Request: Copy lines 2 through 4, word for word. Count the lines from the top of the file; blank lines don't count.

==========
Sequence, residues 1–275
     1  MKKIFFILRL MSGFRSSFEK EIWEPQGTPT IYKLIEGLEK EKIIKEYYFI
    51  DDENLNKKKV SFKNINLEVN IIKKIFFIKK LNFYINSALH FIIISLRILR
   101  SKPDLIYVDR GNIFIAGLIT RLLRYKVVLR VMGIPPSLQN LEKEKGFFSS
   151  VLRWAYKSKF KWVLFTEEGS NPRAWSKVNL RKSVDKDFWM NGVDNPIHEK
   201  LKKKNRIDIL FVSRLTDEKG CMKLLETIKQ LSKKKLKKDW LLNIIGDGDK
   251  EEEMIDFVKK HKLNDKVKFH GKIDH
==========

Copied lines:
     1  MKKIFFILRL MSGFRSSFEK EIWEPQGTPT IYKLIEGLEK EKIIKEYYFI
    51  DDENLNKKKV SFKNINLEVN IIKKIFFIKK LNFYINSALH FIIISLRILR
   101  SKPDLIYVDR GNIFIAGLIT RLLRYKVVLR VMGIPPSLQN LEKEKGFFSS